Data were collected and analysed using Microsoft Excel (Microsoft Inc, Seattle WA, USA). The T-test: Two-Sample Assuming Equal Variances was used for age. For the parity, gestational age, vital status of the infant and the mode of delivery, the Chi-square test was used. We calculated the 95%-confidence interval for the MNMR according to confidence intervals for population proportions. Maternal Mortality Ratio (MMR: number of maternal deaths per 100,000 livebirths), Maternal Near Miss Ratio (MNMR: number of maternal near-miss per 1,000 livebirths) and mortality index (MI: maternal deaths divided by severe maternal outcome) were calculated. The unweighted (Cohen) Kappa coefficient was used as a chance corrected standardized measure of agreement between the WHO and SSA MNM tool.
During the inclusion period, 971 women gave birth to 940 singletons and 31 twins. Among these 1002 neonates, 948 were born alive, and 54 were stillbirths (5.3%). The differences in the baseline characteristics were not clinically significant, as shown in table 2. About 60% of the patients was between 20 and 35 years old. There were 14 patients in the WHO group and 5 in the SSA group, who had a caesarean section (CS). The CS rate in the study period was 18.9% (184/971).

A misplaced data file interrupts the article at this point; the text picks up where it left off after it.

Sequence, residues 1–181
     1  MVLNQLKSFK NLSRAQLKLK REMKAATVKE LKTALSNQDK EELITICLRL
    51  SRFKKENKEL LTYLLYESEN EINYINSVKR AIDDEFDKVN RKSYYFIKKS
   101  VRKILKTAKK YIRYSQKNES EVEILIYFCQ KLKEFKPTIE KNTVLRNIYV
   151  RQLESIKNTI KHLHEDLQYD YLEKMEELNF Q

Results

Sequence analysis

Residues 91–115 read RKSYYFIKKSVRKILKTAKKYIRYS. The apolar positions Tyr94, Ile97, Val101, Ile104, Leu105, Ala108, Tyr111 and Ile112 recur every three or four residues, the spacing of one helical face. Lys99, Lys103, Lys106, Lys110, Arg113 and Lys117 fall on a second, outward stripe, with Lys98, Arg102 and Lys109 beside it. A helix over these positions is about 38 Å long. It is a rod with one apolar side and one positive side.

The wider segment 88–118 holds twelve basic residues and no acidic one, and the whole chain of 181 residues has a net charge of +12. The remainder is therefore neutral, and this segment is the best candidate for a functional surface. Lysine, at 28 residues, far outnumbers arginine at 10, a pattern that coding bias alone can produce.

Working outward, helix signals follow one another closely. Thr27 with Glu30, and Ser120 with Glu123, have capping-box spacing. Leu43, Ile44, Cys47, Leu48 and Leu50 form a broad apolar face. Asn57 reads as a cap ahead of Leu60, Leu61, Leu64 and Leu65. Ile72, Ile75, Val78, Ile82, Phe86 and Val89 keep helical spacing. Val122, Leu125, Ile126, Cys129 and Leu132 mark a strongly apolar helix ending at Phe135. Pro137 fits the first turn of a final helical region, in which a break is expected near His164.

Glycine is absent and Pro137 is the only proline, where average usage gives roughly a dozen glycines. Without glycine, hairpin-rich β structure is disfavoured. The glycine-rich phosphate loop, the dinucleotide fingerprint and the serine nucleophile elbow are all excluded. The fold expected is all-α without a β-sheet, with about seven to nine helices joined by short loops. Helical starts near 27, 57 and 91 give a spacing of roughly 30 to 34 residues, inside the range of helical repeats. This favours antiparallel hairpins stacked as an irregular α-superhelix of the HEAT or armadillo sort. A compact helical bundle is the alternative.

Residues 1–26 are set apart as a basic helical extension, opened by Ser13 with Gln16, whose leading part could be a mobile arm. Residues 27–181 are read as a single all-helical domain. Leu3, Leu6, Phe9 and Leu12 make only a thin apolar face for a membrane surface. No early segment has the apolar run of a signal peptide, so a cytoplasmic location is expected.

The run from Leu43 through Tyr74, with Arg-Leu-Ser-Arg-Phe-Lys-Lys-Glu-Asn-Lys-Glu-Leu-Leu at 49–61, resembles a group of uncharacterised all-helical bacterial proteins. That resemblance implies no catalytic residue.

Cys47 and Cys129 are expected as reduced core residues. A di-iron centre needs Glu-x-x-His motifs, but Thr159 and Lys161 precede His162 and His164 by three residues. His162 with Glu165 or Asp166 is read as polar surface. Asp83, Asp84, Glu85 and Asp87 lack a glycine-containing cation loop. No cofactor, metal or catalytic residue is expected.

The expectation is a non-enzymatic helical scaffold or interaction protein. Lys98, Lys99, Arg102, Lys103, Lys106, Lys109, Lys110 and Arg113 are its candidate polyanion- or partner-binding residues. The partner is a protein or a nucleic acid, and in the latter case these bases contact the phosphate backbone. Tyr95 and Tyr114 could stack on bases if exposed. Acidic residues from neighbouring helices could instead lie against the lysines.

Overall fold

The total severe maternal outcome (maternal deaths plus near-misses) was 54 and 15, according to the SSA and WHO tool, respectively. As shown in Table 3, 47 MNM cases were identified by the SSA criteria and 10 cases by the WHO criteria. Seven maternal deaths were identified with the SSA tool, while the WHO tool was solely sufficient to identify five. The Cohen Kappa coefficient between the WHO and SSA MNM tool was 0.34. The total MNM events exceeds the total number of cases (87 events in 47 cases) since a substantial part of the patients fulfilled more than one criterion. There were 18 MNM events identified with the criteria of the WHO and 87 with the SSA set.
The Maternal Near-Miss Ratio (MNMR) for the WHO criteria was 11 (95% CI 4 – 16) MNM cases per 1,000 livebirths. Mortality index among the MNM was 33%, namely one maternal death compared to two MNM cases. The adapted SSA criteria gave an MNMR of 50 (95% 34-60) per 1,000 livebirths and mortality index of 13%, specifically one maternal death compared to 6.7 MNM cases.